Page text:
"With what we can manage we try to be as self sufficient as possible," he said, "where we can raise our own food. We can't do that with everything but we do as much as we can."
When they moved to the farm the family started their own little zoo, raising Silky chickens, turkeys, geese, ducks, cats, dogs, Norwegian dwarf goats and a Shetland pony named Charlie.
"Half the point of living out in the country is so that you can have all these kinds of animals," Matt said. "It's good for the boys. It teaches them responsibility."
As a stay at home mom, Christie has her hands full running the house, cooking healthy natural ingredient based meals for a small army, canning applesauce, salsa and spaghetti sauce every fall, home schooling the four boys and getting them to and from their numerous sports and extra curricular activities and more. The family is also very active in Tyler Alliance Church.
Moving to the country has provided respite and a space for the boys to learn and grow, Christie said, and teaching them how to do things for themselves is important to her.
"I do these things because it is a lost way," she said. "There's a reason that our grandparents did it and it's important for the boys to learn those skills so they're not lost. I think it's a better way of living health wise, and saving money. If you can do it, they are good skills and trades for families and kids to learn that are valuable and more important than other things."
Living on the farm has been an opportunity that she feels blessed by, Christie said.
"I appreciate that the boys can run free, explore and be closer to nature," she said. "We have so much beauty around us with the DNR land and with the animals. I think the boys have more chores than they would have if we lived in town and I think that is important for them to be able to learn from their environment. I love where we live. We have beautiful views and so much to appreciate. Although I love summer time out here because of the heat, the spring is my favorite because when the Canadian geese are coming back and the frogs are singing it is so magical and peaceful. We are thankful and blessed to be here."
When Matt isn't working as a field operator with Lincoln Pipestone Rural Water, he enjoys spending time with Christie, or taking his boys hunting. When he has free time, he can be found out in one of the machine sheds working on various woodworking projects. Matt started dabbling in woodworking in 2010, and officially started his business, Woodworks by Wieme, three years ago.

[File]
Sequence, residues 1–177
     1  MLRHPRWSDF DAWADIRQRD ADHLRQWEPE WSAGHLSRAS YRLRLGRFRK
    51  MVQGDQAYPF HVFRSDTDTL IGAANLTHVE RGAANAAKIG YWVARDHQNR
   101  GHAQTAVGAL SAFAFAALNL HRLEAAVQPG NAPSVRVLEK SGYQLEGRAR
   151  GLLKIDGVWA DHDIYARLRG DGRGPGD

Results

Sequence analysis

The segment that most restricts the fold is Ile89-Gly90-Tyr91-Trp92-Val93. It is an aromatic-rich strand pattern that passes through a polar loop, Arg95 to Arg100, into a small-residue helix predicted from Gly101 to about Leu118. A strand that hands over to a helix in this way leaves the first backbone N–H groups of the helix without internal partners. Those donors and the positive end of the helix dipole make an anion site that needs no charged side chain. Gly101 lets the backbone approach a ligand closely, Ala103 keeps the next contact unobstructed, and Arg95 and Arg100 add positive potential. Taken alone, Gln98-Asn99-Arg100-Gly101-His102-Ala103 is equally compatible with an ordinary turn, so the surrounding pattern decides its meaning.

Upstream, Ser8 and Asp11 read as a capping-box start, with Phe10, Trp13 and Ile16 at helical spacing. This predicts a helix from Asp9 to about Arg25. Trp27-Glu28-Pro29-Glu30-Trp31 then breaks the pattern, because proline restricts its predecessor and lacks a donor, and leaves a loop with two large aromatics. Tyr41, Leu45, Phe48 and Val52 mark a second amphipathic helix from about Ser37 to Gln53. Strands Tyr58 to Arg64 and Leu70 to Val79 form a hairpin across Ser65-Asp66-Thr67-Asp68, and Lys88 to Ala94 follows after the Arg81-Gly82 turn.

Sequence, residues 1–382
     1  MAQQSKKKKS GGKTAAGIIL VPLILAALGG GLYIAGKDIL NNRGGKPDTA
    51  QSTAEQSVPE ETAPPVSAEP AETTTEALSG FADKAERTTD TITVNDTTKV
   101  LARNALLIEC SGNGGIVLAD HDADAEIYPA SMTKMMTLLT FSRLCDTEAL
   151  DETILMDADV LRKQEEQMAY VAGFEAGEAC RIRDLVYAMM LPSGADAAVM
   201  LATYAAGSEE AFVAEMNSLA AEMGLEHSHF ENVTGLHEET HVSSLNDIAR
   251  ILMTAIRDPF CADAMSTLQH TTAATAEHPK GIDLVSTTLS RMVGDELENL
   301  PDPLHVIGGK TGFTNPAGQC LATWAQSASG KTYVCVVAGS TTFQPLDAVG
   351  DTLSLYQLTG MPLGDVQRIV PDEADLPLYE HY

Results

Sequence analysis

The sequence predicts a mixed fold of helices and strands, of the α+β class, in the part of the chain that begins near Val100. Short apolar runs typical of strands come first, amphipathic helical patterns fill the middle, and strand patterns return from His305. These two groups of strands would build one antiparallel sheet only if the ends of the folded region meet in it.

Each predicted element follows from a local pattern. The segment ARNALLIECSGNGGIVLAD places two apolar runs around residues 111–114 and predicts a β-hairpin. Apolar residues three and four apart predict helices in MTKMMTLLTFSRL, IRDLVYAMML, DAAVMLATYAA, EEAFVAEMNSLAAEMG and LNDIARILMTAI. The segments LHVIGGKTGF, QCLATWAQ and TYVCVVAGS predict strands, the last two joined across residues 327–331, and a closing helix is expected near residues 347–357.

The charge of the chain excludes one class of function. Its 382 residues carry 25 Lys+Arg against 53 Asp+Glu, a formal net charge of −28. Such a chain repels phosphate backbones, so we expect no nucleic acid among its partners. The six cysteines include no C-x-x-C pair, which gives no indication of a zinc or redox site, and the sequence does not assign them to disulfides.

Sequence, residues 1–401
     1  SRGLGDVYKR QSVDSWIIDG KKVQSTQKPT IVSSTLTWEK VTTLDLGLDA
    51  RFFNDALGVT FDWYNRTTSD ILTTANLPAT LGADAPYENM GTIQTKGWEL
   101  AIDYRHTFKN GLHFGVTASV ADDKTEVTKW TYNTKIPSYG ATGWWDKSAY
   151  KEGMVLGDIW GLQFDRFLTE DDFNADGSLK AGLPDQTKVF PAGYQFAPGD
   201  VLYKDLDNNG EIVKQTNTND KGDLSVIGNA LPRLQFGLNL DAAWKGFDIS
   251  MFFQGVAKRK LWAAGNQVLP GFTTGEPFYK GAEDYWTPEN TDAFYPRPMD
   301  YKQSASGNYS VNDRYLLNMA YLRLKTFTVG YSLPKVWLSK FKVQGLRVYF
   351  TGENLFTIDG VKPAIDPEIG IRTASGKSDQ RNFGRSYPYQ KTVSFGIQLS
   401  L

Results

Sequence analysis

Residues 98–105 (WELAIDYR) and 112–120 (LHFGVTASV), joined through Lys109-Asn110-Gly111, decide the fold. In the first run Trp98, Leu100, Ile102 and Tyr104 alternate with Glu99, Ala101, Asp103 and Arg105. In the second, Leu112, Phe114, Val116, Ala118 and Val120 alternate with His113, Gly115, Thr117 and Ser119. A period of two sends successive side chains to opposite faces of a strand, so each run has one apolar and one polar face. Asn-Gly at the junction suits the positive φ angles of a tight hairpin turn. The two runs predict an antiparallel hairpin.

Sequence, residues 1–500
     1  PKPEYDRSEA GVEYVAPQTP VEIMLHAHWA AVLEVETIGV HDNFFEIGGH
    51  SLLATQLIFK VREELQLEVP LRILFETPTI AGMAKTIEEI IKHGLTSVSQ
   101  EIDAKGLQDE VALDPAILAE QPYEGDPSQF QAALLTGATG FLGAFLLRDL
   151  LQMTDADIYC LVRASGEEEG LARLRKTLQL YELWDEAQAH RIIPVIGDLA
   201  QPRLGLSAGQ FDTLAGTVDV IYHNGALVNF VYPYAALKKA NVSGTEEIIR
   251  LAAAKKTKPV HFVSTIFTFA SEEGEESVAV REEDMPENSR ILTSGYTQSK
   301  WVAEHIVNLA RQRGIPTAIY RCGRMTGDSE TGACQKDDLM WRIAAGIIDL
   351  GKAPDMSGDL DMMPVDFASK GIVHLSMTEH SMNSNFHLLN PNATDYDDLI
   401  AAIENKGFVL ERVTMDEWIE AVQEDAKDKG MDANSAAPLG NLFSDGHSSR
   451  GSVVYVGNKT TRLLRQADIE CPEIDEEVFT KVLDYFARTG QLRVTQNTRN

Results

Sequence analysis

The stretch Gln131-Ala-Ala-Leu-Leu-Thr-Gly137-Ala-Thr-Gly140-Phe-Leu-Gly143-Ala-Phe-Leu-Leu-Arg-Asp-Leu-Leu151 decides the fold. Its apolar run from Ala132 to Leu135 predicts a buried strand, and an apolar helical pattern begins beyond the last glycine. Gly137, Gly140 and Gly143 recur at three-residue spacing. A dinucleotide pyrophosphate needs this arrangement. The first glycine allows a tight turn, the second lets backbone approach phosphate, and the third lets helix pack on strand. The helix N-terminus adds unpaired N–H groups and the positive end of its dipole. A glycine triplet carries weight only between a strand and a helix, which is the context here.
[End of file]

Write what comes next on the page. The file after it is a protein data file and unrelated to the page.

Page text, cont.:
Over the years he has expanded his business and now makes a variety of items built to order including custom furniture, wall decor, yard games, various sized cornhole boards, sports memorabilia and more. His best selling items, Matt said, are his custom American flags, which he makes for veterans, firefighters, law enforcement officers and other first responders, as well as for those who would like an American flag that represents their passion like hunting, farming or just their family name. His other best seller, he said, is cornhole boards. Improving his skills over the years has been a pleasure, Matt said.
"It's been interesting learning new woodworking techniques and about running a business," he said. "You don't just start a business and everything goes right. You learn a lot from other people who own their own businesses and you learn a lot from people you meet at vendor shows who has been doing it a lot longer than I have. So far it has been enjoyable and fulfilling. It has allowed me to do a lot of things I would never have ventured to try. When people call me and ask me to create custom things I enjoy trying to bring their vision to life."
He started out with a the basics like a hammer and tape measure, a drill and a table saw, Matt said. Three years later, he has expanded his shop to include a vinyl cutter and a laser engraver. Now, he is considering purchasing a CNC machine.
"I just like creating stuff out of wood," he said. "I enjoy turning a slab of wood into something I can use and something that people will appreciate. I was always kind of into woodworking, my grandpa Andrew Wieme was into it way back in the day. He had a wood shop in his basement where he used to make piggy banks, wooden names and numbers, porch swings and other items. He had band saws and all kinds of things but he was more into carving. I have some fond memories of watching him work and spending time with him."
Being able to have space to pursue his passion of woodworking is a blessing, Matt said.
"I just always feel so fortunate that this has kept going," he said. "It was something that I never thought would turn into anything."
Myn garden club

Local garden club looking to grow - in more ways than on

By Justin R. Lessman

Much as area farmers have planting on their mind this time of year, so too do members of the Jackson Garden Club, though on a slightly smaller scale.
Founded so long ago nobody can quite remember when, the Jackson Garden Club has a long history of service to the community of Jackson. At present, club members tend gardens around a historical monument in Jackson and at Fort Belmont, the community’s interstate-side tourist attraction. The club for years has hosted a spring plant sale. And, as a member of the Minnesota State Horticultural Society, the club takes its turn hosting the spring convention.
-The club meets the second Tuesday of every month from May through October and is currently on the lookout for new members.
"Our membership is small, but mighty," said club member Sue Schrader. "But we’d like to add some new faces to the mix."